Congresswoman Cori Bush speaks at a pro-choice rally on May 3.
It’s been a tough couple of days for U.S. Representative Cori Bush (D-Mo.).
When news leaked of the Supreme Court’s draft decision to overturn Roe v. Wade
and Planned Parenthood v. Casey
the Democratic congresswoman says she didn’t believe it at first.
“I was broken,” Bush said Wednesday at a news conference with reporters.
The same sentiment has passed through the minds of several Missourians
in recent days as the Supreme Court seems set to abolish Americans’ federal right to abortion. Due to Missouri's “trigger law,”
Missourians would have little access to abortion once the Supreme Court’s decision takes effect, with no exceptions for rape or incest.
Bush says she sees one path forward — abolishing the filibuster.
“Our position has been the same since I’ve been in this seat, and it has been to abolish the filibuster,” she adds. “We need the votes, and right now, we do not have the votes to codify Roe v. Wade
The filibuster allows a minority of senators, 41, to block the action of the majority. When it is used, 60 votes are required for legislation to pass. This supermajority makes it nearly impossible for Democrats to garner enough support in the county’s sharply divided Senate to codify Roe v. Wade
. Doing so would establish the landmark abortion- rights decision as law.
According to Anita Manion, assistant professor of political science at the University of Missouri–St. Louis, abolishing the filibuster is a near impossibility at this point.
“As much as I would like to say there’s a possibility, there isn’t,” Manion says.
Abolishing the filibuster would take a majority vote of the Senate, so at least 51 votes. This would require all 50 democrats plus Vice President Kamala Harris to vote against it. But that won’t happen as Democratic senators Joe Manchin and Kyrsten Sinema have both stated they won’t vote to abolish the filibuster.
Manchin argues that the filibuster protects democracy. Sinema says that there have been seven times when the 60-vote threshold in the Senate protected abortion rights.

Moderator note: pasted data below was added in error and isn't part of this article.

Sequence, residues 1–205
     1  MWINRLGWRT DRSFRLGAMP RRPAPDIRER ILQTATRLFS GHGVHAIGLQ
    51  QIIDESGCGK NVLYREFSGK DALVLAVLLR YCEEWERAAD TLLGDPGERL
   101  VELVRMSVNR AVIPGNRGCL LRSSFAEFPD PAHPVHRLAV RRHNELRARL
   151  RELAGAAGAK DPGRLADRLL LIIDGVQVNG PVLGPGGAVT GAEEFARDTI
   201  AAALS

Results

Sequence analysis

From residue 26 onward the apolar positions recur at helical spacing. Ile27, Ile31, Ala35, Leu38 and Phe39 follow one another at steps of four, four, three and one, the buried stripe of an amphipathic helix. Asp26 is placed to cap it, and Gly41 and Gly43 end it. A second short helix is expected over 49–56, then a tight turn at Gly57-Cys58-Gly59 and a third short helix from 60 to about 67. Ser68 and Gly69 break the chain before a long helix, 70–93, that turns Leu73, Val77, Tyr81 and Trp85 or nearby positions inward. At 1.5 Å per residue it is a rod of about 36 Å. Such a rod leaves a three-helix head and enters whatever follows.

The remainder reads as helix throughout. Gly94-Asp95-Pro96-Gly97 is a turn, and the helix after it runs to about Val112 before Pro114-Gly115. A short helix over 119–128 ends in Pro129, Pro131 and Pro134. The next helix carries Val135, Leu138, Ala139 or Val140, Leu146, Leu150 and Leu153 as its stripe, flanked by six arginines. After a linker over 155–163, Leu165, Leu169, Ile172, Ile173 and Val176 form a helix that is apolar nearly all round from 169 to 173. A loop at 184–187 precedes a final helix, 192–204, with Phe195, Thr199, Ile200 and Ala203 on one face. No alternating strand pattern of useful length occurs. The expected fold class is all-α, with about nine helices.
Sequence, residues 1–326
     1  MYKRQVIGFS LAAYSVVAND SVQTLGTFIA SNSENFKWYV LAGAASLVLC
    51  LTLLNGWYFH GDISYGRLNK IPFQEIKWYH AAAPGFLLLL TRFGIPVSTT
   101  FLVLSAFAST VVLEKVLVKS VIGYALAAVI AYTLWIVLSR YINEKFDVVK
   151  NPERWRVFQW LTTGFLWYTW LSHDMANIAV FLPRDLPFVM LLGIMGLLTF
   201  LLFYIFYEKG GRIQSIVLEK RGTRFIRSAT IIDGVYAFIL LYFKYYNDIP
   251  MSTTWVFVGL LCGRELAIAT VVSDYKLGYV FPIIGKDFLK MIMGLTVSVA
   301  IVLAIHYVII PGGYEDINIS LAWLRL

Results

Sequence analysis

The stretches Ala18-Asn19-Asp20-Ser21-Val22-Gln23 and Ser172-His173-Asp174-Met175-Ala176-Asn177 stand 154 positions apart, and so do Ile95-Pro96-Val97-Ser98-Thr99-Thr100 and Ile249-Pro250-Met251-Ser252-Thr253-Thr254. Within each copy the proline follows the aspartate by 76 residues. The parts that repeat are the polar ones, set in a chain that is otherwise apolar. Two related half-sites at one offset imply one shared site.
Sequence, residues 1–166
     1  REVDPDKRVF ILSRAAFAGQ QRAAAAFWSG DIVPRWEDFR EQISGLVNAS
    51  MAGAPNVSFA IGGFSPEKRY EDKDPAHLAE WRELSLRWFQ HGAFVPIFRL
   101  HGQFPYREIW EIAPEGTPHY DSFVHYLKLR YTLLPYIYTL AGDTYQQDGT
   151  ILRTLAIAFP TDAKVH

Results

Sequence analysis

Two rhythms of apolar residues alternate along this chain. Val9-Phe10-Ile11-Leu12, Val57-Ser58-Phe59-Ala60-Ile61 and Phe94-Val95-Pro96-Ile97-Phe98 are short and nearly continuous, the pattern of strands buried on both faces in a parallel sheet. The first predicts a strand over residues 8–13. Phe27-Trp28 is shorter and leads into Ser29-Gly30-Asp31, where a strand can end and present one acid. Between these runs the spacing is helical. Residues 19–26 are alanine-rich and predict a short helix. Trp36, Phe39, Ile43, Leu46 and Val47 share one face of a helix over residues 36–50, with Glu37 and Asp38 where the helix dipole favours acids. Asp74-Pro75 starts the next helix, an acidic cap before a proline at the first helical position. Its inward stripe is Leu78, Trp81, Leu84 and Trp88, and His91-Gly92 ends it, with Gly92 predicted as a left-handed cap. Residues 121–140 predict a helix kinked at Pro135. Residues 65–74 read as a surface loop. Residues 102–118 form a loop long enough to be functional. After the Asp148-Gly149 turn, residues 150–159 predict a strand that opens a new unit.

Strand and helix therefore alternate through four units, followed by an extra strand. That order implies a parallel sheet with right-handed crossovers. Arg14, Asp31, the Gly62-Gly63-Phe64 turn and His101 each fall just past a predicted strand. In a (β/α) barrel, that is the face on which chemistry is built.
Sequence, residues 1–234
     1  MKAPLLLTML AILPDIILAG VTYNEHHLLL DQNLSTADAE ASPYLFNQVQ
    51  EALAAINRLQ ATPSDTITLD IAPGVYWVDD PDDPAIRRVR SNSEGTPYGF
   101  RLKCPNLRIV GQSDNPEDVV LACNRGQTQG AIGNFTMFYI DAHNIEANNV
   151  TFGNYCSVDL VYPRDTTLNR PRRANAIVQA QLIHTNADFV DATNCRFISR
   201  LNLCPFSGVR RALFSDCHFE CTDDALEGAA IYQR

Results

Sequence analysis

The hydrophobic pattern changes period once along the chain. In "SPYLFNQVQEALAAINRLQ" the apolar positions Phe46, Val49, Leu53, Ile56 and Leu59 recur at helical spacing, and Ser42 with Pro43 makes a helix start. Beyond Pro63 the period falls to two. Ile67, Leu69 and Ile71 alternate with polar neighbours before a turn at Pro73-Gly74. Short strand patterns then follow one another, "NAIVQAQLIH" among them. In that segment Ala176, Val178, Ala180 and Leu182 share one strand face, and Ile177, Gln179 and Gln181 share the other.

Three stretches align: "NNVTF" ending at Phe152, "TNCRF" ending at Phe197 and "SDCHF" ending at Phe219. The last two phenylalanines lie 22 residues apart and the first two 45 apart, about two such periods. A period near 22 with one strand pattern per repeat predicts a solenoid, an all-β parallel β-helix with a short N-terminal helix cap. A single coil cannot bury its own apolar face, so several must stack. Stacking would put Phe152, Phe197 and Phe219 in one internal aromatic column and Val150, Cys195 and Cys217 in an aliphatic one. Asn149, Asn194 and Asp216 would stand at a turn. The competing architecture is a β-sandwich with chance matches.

Bush says she’d like to see President Joe Biden pressure senators to change their stance.
“I would love to see the president use some of his political capital in this way,” Bush says. “Because, once it’s done, it’s done. We’re talking about something that has been our constitutional right for 49 years. And this is something that can be rolled back so simply?”
But it’s not all doom and gloom. One optimistic path forward, according to Manion, is the wide outrage the Supreme Court’s opinion could spark and its potential to motivate voters.
“Some of the language used in this decision has the potential to undermine other rights,” Manion says. Roe
established that a person's right to privacy protects a pregnant person's right to choose whether or not to have an abortion. The right to privacy was used to overturn sodomy laws and establish the right to contraception. “It could inspire a lot of people to be motivated politically, not just pro-choice advocates.”
Though her party doesn’t have enough votes to overturn this seismic opinion if it takes effect, Bush doesn’t like to hear things are impossible.
At the news conference, Bush recalled how she was told extending the eviction moratorium was impossible, yet it was extended.
“When they tell me it’s impossible, that just means to me to work harder,” Bush says.
Updated 5/5/2022 11:47 p.m. to clarify why some Democrats don't wish to abolish the filibuster.